The Patriotic Resistance Front in Ituri (FRPI) is confined to Irumu territory and is still setting preconditions for their surrender.

In the neighboring province of Nord-Kivu, despite offensives by the Armed Forces of the Democratic Republic of the Congo (FARDC), the Allied Democratic Forces – National Army for the Liberation of Uganda (ADF-NALU) have stepped up violence against local populations in Beni and the surrounding areas, resulting in ongoing killings in the territories neighboring Mambasa and Irumu in Ituri. Since the beginning of February 2020, there has been a massive displacement of people fleeing hostilities from the rural commune of Magina to the center of the city of Beni. In the southeastern part of Nord-Kivu, Masisi and Rutshuru territories have experienced an increase in crime, in particular kidnapping for ransom and murder, as well as fighting between various armed groups, including the Alliance of Patriots for a Free and Sovereign Congo (APCLS), Nduma Defense of Congo-Renovated (NDC-R), Nyatura – Forces de Patriotes Congolais (Nyatura FPC), Nyatura Biriko, the National Council for Renewal and Democracy (CNRD), the Collective of Movements for Change (CMC) and the Democratic Forces for the Liberation of Rwanda (FDLR), and the national army.

In Sud-Kivu, the defection of a few military officers with their troops to return to armed groups only increases the risk of a major eruption of inter-ethnic conflict in the territories of Uvira, Fizi and Mwenga. The armed groups involved identify with local communities and encourage them to become involved in violence. More than 120 Nyatura militia members who had already been confined in Numbi to surrender returned to the bush last January. In this region, more than 6,000 people have reportedly fled armed clashes between local militia in the villages of Masango I, Rubibi and Kihuha in the Bijombo grouping since 5 January 2020. Several militia leaders from Nord-Kivu arrived in the territory of Kalehe following FARDC retaliation. An estimated 40,000 people were affected by various waves of displacement in several localities of the Kalonge grouping in December 2019.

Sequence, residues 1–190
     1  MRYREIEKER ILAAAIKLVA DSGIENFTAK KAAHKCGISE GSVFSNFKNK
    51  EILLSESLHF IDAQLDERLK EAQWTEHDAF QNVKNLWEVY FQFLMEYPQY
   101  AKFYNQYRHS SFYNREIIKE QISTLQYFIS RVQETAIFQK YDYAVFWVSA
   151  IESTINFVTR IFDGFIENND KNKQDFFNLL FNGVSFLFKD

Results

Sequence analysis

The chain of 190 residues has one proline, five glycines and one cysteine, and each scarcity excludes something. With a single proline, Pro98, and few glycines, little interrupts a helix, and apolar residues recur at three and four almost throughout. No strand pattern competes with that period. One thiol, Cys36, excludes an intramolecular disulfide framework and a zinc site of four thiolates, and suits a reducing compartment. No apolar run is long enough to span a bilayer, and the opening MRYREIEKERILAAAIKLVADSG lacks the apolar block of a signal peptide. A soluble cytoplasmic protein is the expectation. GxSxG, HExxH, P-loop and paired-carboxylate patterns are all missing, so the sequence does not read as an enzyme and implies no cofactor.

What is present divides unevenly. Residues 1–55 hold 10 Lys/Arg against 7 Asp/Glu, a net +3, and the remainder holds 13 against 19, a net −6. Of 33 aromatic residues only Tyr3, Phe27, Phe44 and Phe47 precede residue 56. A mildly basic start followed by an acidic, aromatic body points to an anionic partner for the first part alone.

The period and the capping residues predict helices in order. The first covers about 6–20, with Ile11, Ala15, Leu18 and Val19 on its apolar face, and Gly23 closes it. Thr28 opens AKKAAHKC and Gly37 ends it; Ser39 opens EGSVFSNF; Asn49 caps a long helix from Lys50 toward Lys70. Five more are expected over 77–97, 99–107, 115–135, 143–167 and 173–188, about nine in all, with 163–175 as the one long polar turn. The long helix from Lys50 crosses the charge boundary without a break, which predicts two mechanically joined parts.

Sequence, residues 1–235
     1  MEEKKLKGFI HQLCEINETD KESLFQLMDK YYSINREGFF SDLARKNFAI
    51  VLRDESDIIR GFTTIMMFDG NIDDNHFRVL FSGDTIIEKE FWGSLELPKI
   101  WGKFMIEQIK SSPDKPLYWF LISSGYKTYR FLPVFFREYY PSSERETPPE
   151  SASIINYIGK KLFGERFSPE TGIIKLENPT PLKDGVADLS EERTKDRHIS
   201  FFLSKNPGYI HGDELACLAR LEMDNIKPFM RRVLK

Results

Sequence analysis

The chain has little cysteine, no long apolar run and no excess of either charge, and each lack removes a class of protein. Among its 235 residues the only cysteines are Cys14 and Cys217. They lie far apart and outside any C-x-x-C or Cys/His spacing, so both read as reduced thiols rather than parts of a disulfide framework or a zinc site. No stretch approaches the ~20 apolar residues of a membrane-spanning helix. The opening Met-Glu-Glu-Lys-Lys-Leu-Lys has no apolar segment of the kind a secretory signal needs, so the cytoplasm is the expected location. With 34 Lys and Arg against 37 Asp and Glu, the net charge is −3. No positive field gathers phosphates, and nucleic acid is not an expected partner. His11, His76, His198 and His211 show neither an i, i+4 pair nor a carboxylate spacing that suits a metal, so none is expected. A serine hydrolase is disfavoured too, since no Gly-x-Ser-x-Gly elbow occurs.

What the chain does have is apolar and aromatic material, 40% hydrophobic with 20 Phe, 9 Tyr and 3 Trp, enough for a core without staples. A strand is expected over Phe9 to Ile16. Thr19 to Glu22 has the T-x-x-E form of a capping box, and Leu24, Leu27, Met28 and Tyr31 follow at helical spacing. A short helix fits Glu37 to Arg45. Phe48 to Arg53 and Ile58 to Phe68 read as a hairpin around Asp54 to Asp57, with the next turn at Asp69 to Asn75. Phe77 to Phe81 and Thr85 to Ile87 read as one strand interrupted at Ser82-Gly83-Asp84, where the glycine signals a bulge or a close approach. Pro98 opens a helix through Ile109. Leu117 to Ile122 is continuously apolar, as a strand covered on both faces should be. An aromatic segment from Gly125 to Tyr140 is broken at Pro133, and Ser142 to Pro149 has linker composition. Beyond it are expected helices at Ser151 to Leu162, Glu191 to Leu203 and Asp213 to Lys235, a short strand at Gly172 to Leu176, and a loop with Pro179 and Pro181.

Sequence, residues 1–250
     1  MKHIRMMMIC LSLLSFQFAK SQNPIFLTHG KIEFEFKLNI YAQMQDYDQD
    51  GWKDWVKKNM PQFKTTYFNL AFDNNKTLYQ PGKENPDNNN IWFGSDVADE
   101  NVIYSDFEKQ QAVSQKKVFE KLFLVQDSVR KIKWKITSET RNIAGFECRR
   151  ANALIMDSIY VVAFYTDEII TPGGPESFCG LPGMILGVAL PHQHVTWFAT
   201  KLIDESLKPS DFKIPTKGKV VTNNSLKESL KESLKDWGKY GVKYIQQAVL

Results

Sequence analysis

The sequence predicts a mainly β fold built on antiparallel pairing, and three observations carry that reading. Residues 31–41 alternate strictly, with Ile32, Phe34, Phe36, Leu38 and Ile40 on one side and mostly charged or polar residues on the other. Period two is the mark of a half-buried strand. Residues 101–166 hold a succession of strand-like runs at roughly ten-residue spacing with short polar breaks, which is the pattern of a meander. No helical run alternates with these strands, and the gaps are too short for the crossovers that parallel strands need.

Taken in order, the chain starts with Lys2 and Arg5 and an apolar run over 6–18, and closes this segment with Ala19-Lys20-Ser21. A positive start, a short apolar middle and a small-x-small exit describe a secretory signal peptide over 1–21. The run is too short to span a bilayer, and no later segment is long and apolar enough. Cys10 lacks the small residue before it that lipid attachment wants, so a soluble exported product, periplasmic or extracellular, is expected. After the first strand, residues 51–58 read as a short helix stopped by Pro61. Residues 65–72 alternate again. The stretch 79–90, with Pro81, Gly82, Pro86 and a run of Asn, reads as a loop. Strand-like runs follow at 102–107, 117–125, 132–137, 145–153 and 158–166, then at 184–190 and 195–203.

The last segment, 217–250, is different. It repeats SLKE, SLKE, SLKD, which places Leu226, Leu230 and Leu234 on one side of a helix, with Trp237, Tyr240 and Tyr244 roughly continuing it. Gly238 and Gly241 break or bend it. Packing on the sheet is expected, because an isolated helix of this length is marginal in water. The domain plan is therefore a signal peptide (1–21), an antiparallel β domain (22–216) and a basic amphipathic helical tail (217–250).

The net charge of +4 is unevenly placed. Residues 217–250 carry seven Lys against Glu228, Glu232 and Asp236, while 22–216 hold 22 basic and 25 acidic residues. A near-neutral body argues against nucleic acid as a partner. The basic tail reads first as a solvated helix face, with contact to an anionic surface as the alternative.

In Maniema Province, almost daily clashes have resumed between the FARDC and the Mayi-Mayi Malaika and Mandevu coalition since early January 2019, despite the fact that the provincial government had already begun negotiations with these militia members. 

In Haut-Uélé, there are reports of a resurgence of the Lord’s Resistance Army (LRA) near Dungu. Fighting between the LRA and FARDC broke out in January 2020, resulting in 23 deaths and 245 abductions, according to local civil society organizations.

In Tanganyika Province, commanders from the Maï-Maï Hapa na pale de Mundus and Yakutumba militias set a number of conditions for their surrender.

With the improvement of the political and security situation in the Kasai area, significant numbers of both former IDPs and spontaneous returnees from Angola are returning.

Agricultural situation: Despite the agroclimatic forecasts noted above, the 2019–2020 growing season was the least productive of the last three seasons, with below-normal season A harvests only sufficient to cover household needs for a limited stock period of up to one or two months at most. There have been significant crop losses due to flooding of cultivated land, which has destroyed agricultural service roads, making it more difficult to transport this limited production out to consumption centers.